Integrating Curriculum in line with Standards

Our topic for this class has centered around integrating curriculum in the classroom. This has been a theme during the course of our program, especially in our methods classes. In order to have enough time during the day or week for all of the subjects we need to cover, it makes sense. It also makes sense to teach students in a way that is more authentic, since divided subject areas are unique to the school setting. However, this can be a challenge when the Common Core standards center around literacy and math for elementary students (and science for older students). I know many teachers who focus heavily on the tested subjects, especially when school funding relies on student performance. How can I justify spending extra time on social studies and science when these don’t “matter” with regards to school funding? How can I justify not spending time on these subjects? This is why I like the idea of an integrated curriculum, where tested and non-tested subjects are mixed in a way that allows for teaching the standards but also including the content and skills students should be learning to become good citizens. Drake and Burns (2004) describe an example that I think perfectly encapsulates the integrated curriculum: in it, a Virginia teacher asked her students to make choices about what they wanted to learn, but in order to justify these choices, they had to defend them with the state standards. In this way, not only do the students get to decide what they are learning (creating more interest and engagement in the subject), but they learn the standards and also practice forming an argument and providing evidence to justify it. This is a standard in and of itself, for math and science.

Drake, S., and Burns, R. (2004). Meeting standards through integrated curriculum. Alexandria, VA: ASCD.

Project Based Learning and Integrated Curriculum

One of the main goals in education is to help students not only reach their full potential academically, but to teach them how to be good citizens in their communities, countries, and world. To accomplish this in my classroom, I believe that using an integrated curriculum where connections are made between all subjects, tested and non-tested. Ellis

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Figure 1: Multidisciplinary Approach

and Stuen (1998) suggest using thematic teaching. In thematic teaching, all subjects are centered around a central theme, in a multidisciplinary (figure 1), interdisciplinary (figure 2), or transdiciplinary (figure 3) approach (Drake and Burns, 2004). In a multidisciplinary approach, there is a central theme and each of the disciplines (math, science, music, PE, history, drama, literacy, etc.) each relate to this theme. In an interdisciplinary approach, the disciplines are connected to each other but still taught separately. Teachers find the common learnings in each discipline to help students forge these connections.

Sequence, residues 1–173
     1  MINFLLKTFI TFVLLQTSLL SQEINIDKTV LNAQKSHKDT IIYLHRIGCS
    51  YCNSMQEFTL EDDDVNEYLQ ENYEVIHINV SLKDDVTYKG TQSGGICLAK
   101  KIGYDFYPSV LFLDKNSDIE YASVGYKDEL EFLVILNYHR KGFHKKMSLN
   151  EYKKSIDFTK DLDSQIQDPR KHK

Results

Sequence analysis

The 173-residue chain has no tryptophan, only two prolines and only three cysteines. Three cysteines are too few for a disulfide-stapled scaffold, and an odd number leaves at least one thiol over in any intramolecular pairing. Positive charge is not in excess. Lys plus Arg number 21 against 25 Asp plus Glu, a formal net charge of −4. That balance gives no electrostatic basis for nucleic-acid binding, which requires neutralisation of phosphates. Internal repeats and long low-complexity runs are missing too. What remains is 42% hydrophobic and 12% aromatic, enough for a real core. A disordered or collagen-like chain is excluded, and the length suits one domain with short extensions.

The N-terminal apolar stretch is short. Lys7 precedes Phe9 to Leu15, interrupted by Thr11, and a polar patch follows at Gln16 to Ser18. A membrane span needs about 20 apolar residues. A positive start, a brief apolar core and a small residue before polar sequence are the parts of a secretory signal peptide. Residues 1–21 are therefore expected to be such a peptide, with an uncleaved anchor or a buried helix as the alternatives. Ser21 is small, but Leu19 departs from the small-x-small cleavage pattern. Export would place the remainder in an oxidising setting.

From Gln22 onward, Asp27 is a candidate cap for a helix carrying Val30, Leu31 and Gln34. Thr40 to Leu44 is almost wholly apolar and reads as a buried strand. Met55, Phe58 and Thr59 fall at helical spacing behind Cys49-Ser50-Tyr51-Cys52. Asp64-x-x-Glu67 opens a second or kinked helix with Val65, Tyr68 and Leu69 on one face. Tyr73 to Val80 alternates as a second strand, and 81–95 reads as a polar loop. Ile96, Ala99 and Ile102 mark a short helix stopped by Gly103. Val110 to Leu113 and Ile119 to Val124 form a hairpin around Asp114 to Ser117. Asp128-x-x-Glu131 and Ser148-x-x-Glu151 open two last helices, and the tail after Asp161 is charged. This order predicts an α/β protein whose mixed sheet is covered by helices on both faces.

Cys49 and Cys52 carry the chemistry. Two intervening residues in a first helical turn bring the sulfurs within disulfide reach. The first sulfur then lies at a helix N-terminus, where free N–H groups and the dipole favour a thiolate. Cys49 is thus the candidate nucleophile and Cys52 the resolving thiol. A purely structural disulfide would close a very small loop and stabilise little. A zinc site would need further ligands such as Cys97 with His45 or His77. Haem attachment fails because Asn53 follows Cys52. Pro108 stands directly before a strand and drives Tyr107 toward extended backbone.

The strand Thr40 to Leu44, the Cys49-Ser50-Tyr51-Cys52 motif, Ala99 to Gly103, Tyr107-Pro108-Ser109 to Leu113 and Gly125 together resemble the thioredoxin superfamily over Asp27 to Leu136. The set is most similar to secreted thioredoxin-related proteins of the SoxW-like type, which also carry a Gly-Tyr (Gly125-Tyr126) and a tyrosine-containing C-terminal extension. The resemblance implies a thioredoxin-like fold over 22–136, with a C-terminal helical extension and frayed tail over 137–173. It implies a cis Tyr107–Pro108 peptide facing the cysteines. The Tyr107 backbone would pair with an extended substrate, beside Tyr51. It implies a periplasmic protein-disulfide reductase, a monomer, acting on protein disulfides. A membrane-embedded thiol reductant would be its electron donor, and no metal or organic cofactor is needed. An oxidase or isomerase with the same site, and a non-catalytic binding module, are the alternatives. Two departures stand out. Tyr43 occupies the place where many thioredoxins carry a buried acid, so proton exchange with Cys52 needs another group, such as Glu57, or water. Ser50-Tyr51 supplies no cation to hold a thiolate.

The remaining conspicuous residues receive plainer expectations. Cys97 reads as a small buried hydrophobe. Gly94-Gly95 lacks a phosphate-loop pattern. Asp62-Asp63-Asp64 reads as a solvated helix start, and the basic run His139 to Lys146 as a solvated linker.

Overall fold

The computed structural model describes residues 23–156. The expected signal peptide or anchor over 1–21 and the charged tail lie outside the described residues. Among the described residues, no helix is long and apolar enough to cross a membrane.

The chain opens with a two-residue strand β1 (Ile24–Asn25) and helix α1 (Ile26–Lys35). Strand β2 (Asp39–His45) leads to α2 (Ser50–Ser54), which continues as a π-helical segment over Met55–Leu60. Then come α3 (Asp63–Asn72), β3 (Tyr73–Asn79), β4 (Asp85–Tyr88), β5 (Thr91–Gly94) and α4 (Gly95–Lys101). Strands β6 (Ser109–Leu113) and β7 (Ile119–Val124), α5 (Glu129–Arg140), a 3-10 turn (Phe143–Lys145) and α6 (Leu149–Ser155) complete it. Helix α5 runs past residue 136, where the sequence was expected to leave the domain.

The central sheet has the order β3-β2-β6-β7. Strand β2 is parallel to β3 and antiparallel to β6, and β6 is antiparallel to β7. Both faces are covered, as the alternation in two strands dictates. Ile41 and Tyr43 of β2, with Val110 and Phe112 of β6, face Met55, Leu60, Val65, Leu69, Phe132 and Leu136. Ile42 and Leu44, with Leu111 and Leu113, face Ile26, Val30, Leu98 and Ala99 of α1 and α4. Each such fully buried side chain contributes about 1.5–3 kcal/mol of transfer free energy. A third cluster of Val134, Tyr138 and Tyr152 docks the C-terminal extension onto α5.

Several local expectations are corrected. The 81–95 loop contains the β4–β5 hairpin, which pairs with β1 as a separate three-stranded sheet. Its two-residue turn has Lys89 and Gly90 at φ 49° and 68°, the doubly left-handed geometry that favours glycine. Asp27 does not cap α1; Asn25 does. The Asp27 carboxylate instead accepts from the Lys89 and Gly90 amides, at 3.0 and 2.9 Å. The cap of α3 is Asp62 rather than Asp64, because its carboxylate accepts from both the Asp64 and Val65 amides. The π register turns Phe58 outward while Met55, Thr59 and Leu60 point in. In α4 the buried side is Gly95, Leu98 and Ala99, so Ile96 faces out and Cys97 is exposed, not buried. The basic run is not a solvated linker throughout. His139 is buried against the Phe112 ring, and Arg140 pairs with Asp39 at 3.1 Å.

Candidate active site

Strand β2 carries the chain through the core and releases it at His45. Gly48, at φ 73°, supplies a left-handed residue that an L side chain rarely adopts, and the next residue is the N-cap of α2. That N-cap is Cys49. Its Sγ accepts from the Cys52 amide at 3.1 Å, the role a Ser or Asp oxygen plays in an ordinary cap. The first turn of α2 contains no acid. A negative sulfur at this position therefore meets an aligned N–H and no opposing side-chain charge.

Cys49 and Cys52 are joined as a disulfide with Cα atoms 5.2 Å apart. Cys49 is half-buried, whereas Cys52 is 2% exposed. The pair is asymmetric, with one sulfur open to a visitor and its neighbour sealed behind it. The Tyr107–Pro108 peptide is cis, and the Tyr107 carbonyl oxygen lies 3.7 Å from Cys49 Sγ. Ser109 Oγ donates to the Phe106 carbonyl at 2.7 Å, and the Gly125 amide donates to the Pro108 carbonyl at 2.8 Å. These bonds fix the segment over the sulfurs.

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Figure 2: Interdisciplinary Approach

The approach that I would like to use, the transdisciplinary approach, is organized around student questions and concerns. It focuses on the theme as an end goal, where the disciplines are used as a way to achieve that end learning. Project-Based Learning (PBL) is a good example of a transdisciplinary approach. The theme in a PBL unit might be designing a better parking lot for the school after a fender bender during pick-up hours. In this service-learning type project, students would need to use math, science, literacy, and social skills (among others) to plan and present a new design. Meanwhile they would be implementing these skills in an authentic, real-life situation that will have real results, and afterward would reflect on the process and the effect of their work. In this type of work, students are the producers of knowledge rather than consumers. They see a problem, think of a solution, and produce the work involved to make that solution happen. The teachers are guides as the students ask questions that become the center of the curriculum. During this process, teachers can incorporate many subjects into their project as they come up, allowing for implicit prac

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Figure 3: Transdisciplinary Approach

tice of each of the subject areas. Something that I would have to keep in mind if I were to use PBL in my classroom, though, is that it can’t take up the entire day, as I would need to explicitly teach subjects. This might be where the multidisciplinary or interdisciplinary approaches come in. I can still connect these subjects (for example, literacy or math) to our project or to each other, but will need to make sure my students have the basic tools they will need to use for their project.

I think a combination of these three types of integrated curriculum, adjusted based on the class and the learners in it, will help me teach students to use their academic skills outside the classroom and work toward becoming citizens of their communities and world. Realistically, though I like PBL learning and actually went to a PBL high school, it may not be something I can tackle in my first year without experience first. I hope to be able to integrate my curriculum in other ways using a central theme, and perhaps have smaller projects related to that theme. In this way I will bring PBL and integrated curriculum into my classroom.

Drake, S., and Burns, R. (2004). Meeting standards through integrated curriculum. Alexandria, VA: ASCD.

Ellis, A., Stuen, C. (1998). The interdisciplinary curriculum. Larchmont, NY: Eye on Education.

Demonstrating Respect and Welcoming Students

5.1 Creating an Environment of Respect and Rapport

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Figure 1